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How to Knit Rib Stitch in the Round

Knitting rib stitch in the round correctly can take your knitted garments from sloppy to polished!

How to Knit Rib Stitch in the Round

Whether you're making socks, hats, or even sweaters, you're probably going to need to know how to knit ribbing in the round at some point. While knitting flat ribbing is pretty easy, even for beginners, knitting it in the round is a different story (mostly because there are no wrong sides in knitting in the round).

When knitting certain garments, ribbing is most often used as a way to create the "cuff" of your pattern. This is because ribbing it typically stretchier and a little more snug than other stitches, like stockinette or garter stitch. The ribbing will help your garments stay in the right places and fit better!

In the video below, you'll learn how to knit ribbing in the round, and we've also put together some really great tips for making your ribbing look extra clean and tidy.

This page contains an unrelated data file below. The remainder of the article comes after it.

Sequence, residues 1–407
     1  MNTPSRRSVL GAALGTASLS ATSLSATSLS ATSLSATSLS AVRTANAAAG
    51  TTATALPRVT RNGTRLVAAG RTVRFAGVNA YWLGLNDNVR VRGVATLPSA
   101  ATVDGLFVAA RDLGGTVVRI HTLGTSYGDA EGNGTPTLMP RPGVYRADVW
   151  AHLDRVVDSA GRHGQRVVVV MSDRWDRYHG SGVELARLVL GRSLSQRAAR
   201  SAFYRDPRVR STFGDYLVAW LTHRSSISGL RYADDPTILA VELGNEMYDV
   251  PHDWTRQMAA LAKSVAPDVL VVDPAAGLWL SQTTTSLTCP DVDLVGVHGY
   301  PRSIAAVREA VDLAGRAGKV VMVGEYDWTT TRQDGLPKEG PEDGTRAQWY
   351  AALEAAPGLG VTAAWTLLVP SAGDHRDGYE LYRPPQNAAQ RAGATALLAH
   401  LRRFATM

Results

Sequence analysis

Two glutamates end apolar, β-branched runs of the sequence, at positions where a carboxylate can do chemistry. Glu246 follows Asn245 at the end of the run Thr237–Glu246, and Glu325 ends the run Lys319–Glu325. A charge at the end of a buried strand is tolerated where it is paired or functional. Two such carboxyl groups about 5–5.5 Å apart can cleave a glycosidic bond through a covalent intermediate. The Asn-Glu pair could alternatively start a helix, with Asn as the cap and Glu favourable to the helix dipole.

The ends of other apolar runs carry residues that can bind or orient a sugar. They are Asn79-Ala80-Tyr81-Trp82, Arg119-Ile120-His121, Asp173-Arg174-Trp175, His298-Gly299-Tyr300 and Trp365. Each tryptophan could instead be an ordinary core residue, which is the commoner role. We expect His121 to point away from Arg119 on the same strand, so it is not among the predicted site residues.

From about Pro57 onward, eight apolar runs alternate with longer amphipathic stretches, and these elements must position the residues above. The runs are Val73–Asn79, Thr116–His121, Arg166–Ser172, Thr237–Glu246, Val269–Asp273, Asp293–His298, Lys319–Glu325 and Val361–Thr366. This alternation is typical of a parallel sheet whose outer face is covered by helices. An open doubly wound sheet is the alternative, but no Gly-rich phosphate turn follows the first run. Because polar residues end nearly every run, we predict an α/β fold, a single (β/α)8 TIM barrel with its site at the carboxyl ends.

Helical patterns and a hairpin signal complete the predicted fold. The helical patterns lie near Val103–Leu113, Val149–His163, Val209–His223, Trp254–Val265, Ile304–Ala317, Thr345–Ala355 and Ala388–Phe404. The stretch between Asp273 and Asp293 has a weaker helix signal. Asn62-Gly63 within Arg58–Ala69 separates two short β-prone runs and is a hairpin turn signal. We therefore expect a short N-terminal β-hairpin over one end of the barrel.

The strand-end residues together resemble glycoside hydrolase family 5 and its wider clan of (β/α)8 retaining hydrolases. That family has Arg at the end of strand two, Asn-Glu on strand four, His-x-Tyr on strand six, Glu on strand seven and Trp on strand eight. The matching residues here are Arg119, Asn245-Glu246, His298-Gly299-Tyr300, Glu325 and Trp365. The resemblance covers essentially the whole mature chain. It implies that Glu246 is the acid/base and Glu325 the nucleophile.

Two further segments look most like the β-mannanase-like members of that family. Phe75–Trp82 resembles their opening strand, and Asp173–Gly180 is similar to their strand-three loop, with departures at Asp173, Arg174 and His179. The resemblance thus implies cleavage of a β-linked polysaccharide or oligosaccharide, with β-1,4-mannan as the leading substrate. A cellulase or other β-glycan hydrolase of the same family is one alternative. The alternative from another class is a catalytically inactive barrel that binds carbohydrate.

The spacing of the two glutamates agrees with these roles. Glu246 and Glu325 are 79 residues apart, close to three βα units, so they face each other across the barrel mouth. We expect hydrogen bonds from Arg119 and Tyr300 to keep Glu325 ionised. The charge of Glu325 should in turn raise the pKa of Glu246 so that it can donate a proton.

How to Knit Ribbing in the Round

2 x 2 Rib Stitch:
CO a multiple of 4 sts
Rnd 1: *K2, p2, repeat from * to end of row
Rnd 2: *K2, p2, repeat from * to end of row

3 x 3 Rib Stitch:
CO a multiple of 6 sts
Rnd 1: *K3, p3, repeat from * to end of row
Rnd 2: *K3, p3, repeat from * to end of row

Tips and Tricks for Knitting Ribbing in the Round

Casting On:
Pay attention to the number of cast on stitches. When knitting ribbing flat, you can cast on any number of stitches as long as it's a multiple of 2 or 3 respectively. When knitting ribbing in the round, however, it's important that you cast on a multiple of 4 or 6 respectively; this ensures that your ribbing is seamless all the way around.

Choosing Your Needles:
Many knitters prefer to knit ribbing with slightly smaller knitting needles. Switching back and forth between knitting and purling often can spread out your gauge, and using smaller needles can correct for this. When using smaller circular needles, however, be sure you're simply using a smaller needle and not a shorter set of needles.

Joining:
As with most projects knit in the round, the join you choose can greatly affect how the finished project looks. We recommend using an invisible join to prevent any jogs in your ribbing.

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